Between 2007 and 2009, total employment in Oregon fell dramatically (Table 2). Total employment loss over the two-year period was nearly 7 percent, moving employment back to early 2000 levels. Private-sector employment fell 9 percent. In the construction industry, more than 30,000 jobs were eliminated – a loss of 29 percent. No other Oregon industry had employment losses anywhere near the percentage of jobs lost in construction.
The state recorded 2,050 fewer construction firms in 2009 than in 2007 (-13.1%) and the average number of workers per firm dropped to 5.3.
The number of active contractor licenses fell 8.7 percent between July 2007 and July 2009. The number of housing permits issued dropped by more than 5,500 between 2006 and 2007 (-20.7%) and then dropped by more than 9,000 between 2007 and 2008 (-44.7%).
After Oregon’s last deep recession, construction employment was depressed for more than a decade.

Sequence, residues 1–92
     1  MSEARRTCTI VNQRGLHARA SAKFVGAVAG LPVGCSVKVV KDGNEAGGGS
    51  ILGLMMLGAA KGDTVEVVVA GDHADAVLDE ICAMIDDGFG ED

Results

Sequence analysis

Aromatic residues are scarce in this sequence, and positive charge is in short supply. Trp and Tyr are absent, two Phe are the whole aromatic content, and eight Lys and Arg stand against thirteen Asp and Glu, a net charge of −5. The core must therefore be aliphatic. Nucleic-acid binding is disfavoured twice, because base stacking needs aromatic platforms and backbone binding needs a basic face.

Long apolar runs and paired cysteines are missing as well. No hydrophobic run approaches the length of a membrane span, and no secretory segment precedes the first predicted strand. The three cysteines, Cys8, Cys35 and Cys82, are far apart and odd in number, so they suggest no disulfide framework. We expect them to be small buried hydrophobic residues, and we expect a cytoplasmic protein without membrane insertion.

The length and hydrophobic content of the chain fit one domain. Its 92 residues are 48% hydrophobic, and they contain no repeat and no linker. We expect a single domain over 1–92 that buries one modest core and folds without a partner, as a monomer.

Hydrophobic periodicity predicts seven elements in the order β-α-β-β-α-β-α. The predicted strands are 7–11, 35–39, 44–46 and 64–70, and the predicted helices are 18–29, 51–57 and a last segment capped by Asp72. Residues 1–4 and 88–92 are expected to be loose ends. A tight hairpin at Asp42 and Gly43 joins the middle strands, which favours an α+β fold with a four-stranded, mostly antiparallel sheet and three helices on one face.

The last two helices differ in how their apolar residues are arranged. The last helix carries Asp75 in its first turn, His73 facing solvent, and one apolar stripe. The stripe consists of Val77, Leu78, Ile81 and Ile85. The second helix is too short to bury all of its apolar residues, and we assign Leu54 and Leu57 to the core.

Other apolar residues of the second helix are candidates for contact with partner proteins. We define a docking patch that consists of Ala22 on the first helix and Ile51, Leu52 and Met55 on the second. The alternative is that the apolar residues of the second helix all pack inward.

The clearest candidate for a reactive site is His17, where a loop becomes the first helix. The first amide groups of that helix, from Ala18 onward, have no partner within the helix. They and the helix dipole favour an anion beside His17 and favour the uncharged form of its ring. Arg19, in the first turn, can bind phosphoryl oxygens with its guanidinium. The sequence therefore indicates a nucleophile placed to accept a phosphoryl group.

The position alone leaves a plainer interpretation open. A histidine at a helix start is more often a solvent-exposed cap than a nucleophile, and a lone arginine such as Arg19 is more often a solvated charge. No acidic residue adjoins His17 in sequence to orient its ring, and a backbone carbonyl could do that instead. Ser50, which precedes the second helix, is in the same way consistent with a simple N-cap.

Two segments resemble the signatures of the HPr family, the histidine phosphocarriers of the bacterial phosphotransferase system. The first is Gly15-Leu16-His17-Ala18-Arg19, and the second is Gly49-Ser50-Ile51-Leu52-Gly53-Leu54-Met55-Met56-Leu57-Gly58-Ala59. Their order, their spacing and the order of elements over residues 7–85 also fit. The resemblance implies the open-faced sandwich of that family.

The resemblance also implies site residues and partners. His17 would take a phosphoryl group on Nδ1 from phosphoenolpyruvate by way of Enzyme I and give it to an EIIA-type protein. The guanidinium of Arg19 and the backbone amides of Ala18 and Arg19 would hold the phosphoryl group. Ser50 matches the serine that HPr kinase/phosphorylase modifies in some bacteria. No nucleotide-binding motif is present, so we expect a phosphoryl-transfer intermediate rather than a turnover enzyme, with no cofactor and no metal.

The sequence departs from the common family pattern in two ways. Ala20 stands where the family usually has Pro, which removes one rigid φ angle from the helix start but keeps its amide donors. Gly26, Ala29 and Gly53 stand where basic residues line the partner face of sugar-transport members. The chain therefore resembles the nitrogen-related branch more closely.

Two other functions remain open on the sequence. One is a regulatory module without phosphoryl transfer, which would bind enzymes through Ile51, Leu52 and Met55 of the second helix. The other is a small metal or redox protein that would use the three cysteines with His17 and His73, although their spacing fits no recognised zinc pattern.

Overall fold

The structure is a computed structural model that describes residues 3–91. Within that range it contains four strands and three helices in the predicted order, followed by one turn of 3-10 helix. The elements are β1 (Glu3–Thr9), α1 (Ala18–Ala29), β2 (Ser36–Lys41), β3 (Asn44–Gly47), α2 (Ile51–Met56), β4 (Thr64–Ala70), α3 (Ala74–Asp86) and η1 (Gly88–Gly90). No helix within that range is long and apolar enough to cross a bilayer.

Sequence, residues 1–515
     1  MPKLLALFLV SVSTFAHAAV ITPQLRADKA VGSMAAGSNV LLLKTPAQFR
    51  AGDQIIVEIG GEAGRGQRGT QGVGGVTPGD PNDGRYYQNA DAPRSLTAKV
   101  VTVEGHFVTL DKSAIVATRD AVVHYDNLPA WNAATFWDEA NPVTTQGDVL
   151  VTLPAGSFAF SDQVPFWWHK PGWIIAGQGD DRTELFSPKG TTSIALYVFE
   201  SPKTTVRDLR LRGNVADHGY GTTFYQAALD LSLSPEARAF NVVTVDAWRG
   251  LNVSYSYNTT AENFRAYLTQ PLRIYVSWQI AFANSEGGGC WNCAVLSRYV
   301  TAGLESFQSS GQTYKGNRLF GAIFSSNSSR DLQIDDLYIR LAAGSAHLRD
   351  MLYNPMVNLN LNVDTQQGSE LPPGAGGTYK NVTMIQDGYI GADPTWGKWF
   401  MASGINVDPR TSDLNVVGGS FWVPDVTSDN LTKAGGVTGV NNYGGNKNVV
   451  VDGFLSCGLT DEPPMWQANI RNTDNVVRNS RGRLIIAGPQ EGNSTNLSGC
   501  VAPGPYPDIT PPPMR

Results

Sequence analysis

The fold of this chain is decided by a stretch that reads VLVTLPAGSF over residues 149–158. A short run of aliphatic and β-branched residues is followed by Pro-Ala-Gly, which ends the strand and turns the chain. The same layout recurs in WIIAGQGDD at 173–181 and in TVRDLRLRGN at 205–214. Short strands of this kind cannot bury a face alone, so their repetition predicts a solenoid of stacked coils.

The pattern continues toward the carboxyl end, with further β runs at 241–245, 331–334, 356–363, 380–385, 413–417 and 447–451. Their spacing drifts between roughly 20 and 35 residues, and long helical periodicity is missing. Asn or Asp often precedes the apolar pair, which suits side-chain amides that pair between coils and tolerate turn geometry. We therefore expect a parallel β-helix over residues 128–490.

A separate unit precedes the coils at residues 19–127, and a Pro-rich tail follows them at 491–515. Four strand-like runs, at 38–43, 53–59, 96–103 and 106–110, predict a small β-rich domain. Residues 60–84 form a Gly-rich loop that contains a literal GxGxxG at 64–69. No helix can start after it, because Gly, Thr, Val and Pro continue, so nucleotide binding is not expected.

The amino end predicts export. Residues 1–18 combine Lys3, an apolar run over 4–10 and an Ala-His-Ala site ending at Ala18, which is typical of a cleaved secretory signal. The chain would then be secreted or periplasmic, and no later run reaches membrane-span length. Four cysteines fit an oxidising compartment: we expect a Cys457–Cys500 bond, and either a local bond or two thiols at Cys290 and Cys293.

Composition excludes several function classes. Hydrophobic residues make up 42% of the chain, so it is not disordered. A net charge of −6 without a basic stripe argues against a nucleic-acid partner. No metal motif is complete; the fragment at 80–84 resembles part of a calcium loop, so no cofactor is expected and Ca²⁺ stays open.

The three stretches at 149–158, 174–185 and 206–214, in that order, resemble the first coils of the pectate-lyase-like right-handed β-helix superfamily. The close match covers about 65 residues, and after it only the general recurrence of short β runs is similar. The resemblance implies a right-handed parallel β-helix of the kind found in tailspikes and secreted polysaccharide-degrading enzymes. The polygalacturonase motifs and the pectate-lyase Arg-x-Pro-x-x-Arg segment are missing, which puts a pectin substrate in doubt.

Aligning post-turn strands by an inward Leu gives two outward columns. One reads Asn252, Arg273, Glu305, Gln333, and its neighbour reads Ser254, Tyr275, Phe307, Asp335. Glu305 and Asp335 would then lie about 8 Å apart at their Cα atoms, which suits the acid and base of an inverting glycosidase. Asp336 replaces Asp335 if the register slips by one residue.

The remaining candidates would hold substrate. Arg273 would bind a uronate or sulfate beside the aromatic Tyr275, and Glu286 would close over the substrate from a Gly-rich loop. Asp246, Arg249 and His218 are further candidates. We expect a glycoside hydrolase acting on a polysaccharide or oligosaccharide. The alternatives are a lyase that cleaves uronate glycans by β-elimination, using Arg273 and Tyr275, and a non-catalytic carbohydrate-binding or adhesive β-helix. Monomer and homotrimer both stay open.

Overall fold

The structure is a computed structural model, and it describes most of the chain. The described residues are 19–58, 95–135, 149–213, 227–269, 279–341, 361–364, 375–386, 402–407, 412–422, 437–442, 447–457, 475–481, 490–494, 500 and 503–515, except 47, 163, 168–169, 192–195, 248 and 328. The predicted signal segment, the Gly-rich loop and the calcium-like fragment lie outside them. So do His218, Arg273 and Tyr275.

|Employment Losses by Industry 2007-2009|
|2007||2008||2009||Change 2007-2009||Percent Change 2007-2009|
|Total nonfarm employment||1,731,300||1,718,400||1,612,000||-119,300||-6.9%|
|Mining and logging||9,200||8,700||7,000||-2,200||-23.9%|
|Trade, transportation, and utilities||340,300||335,900||312,800||-27,500||-8.1%|
|Transportation and warehousing||54,200||53,900||49,000||-5,200||-9.6%|
|Professional and business services||197,200||196,100||178,800||-18,400||-9.3%|
|Educational and health services||211,800||219,600||223,200||11,400||5.4%|
|Leisure and hospitality||171,900||172,900||163,100||-8,800||-5.1%|
The dramatic growth in construction employment in Oregon was no outlier. Nationally, employment grew about 12 percent between 2001 and 2007 (Table 3). Across the western states construction employment grew dramatically. In Nevada, employment grew almost 47 percent and in Washington, employment in construction grew 31 percent. In all cases, employment in the construction industry grew much faster than total employment.
And like Oregon, in all cases, the majority of the employment growth that occurred in the first seven years of the decade was lost in two quick years.